1. This site uses cookies. By continuing to use this site, you are agreeing to our use of cookies. Learn More.
  2. Hi Guest, welcome to the TES Community!

    Connect with like-minded professionals and have your say on the issues that matter to you.

    Don't forget to look at the how to guide.

    Dismiss Notice

Ten Tips To Help You Get Another Teaching Job After A Bad Experience

Discussion in 'Workplace dilemmas' started by theedudicator, Aug 22, 2011.

  1. Hello,

    Can I just direct you to the eBook that I've just finished writing?

    I've written this eBook in response to the number of teachers I've met who have had a bad experience at work and are trying to secure a post in another school. Quite often, obstacles will be put in place by the school you have had a bad experience at, and this book aims to show you how to overcome them.

    It's available for free download, and I don't want your email address in return for it or anything. Tell me what you think.

  2. FollyFairy

    FollyFairy Occasional commenter

    Excellent advice! xx
  3. I thought that your book contained excellent advice except for the section where you wrote that you should declare health information prior to an interview, so that you appear to have 'nothing to hide'. To cut a very long story short, I was off with a stress related illness earlier this year (I don't want to disclose full details on a public forum) and was concerned that I wouldn't get another job because of this. However, ACAS told me what you correctly wrote in your e-book (that the Equality Act 2010 states that I cannot be asked questions about my health beyond the usual disability questions, in order to determine if I need reasonable adjustments, unless I am either shortlisted or offered a job-the situation is greyer for agencies).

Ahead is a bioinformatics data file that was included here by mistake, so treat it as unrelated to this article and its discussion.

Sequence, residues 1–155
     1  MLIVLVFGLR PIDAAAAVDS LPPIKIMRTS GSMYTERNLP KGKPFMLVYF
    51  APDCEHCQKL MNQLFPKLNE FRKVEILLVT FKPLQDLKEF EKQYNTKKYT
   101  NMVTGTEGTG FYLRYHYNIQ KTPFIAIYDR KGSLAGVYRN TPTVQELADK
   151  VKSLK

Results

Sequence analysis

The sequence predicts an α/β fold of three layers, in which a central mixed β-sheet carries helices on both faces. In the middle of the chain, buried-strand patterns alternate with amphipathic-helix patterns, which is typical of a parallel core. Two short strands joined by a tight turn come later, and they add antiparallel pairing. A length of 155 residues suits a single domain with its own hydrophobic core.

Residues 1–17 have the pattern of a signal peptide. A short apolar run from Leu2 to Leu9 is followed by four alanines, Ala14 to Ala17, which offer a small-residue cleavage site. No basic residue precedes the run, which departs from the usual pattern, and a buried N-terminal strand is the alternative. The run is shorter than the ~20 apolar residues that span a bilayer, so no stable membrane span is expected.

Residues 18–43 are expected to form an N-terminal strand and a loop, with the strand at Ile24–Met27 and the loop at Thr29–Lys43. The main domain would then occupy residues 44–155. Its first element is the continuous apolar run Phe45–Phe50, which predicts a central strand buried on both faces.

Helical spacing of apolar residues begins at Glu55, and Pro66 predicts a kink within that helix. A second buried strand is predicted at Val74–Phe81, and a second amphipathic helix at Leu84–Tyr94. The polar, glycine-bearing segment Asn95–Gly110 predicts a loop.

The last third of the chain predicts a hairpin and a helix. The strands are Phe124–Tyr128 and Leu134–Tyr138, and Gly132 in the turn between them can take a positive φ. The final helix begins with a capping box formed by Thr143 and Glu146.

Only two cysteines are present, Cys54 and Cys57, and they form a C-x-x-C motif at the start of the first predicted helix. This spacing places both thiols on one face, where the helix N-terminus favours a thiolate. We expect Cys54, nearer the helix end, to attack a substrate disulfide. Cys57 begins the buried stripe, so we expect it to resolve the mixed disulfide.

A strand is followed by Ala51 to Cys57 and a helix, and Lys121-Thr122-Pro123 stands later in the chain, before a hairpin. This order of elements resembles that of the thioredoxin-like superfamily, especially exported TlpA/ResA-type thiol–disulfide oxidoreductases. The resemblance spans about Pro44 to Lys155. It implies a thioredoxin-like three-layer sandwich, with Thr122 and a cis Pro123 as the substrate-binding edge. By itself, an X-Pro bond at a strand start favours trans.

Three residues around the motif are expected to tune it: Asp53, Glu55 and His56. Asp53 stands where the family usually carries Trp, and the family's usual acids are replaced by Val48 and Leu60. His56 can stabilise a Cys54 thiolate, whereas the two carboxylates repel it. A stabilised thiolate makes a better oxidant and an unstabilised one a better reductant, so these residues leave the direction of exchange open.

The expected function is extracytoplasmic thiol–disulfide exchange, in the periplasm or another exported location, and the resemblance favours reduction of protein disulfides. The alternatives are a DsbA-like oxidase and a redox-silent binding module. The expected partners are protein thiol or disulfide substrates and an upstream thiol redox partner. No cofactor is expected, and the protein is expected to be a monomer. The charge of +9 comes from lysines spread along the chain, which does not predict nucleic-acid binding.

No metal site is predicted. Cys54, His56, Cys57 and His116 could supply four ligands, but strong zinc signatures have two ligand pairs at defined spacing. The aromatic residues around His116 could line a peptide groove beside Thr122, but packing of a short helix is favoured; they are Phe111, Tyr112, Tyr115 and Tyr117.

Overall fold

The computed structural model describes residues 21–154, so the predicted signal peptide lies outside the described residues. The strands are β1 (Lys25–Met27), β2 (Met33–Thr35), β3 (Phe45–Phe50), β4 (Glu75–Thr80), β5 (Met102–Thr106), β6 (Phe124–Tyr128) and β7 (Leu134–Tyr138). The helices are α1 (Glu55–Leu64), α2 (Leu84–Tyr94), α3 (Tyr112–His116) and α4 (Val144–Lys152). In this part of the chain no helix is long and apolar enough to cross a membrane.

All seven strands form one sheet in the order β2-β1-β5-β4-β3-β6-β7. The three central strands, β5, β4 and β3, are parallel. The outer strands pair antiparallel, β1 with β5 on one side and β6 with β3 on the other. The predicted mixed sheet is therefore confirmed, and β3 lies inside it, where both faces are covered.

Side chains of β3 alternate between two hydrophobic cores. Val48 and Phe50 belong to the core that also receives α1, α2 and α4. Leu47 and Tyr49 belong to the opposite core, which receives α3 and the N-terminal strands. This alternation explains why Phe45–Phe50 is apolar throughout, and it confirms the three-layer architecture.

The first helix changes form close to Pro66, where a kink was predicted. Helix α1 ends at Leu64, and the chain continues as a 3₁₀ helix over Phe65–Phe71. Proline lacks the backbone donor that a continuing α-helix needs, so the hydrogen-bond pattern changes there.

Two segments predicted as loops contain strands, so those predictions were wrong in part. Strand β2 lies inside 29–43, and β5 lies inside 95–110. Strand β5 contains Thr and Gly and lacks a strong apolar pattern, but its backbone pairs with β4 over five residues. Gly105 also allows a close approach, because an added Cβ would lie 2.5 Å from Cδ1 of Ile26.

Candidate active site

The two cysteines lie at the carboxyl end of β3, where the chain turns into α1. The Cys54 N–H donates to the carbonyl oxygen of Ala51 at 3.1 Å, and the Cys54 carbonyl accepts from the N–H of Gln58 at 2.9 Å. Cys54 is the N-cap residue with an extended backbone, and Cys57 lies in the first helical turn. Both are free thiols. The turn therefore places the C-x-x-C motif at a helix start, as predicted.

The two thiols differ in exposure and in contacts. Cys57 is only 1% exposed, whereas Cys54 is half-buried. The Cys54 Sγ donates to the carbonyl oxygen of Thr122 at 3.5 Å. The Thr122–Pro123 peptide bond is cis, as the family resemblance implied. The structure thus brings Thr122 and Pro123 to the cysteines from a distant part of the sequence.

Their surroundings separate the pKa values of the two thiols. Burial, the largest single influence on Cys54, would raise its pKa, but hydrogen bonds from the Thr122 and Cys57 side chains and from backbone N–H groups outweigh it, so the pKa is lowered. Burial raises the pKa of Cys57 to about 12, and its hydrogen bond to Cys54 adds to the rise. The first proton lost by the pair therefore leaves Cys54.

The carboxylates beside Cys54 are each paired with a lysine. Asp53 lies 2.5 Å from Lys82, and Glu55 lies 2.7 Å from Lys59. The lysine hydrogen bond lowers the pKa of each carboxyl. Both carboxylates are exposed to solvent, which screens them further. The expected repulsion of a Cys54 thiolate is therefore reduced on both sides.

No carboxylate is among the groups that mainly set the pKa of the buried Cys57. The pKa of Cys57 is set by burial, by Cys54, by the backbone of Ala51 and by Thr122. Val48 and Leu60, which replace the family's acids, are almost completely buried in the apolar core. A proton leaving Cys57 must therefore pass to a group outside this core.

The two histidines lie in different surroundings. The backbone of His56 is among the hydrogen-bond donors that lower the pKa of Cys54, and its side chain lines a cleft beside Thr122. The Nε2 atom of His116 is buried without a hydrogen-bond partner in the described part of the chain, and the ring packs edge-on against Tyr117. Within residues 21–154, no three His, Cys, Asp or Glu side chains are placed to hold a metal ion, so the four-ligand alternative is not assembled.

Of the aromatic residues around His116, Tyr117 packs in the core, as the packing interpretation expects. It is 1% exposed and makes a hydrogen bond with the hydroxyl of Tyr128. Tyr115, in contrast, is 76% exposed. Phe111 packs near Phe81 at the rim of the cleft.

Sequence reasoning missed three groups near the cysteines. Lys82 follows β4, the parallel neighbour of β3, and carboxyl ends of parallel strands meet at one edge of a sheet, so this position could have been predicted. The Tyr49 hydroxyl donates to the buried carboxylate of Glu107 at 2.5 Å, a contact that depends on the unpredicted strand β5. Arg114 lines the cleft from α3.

In practice, I've found that 2 supply teaching agencies that I disclosed my health issues to before they put me forward for a particular position were very negative about it and were very doubtful about whether their clients would offer me work because of this. In contrast, another agency and other colleges that I have applied for jobs with didn't even ask (the agency consultant even went as far as to say that the agency 'wasn't interested in asking about my health''), so my view is why make life more difficult for myself than I need to? In my opinion, another way of increasing my chances about making a fresh start is to be positive. Firstly, by keeping this issue separate until I need to mention it (then I can be absolutely sure I'm being judged on merit rather than whether the employers think I'm gaga and likely to be off sick again as soon as I start-totally untrue!). Secondly, I think it's better to be positive about the past instead going down the I've had this and that route because of what the bosses did in my previous employment route. Of course, I'm not going to deny my health issues but as I said not until I need to and given the current state of the job market, I feel that it's more sensible to show some discretion instead of telling potential employers my medical woes of this year before they've had a proper chance to judge me as a teacher by reading my application form/CV.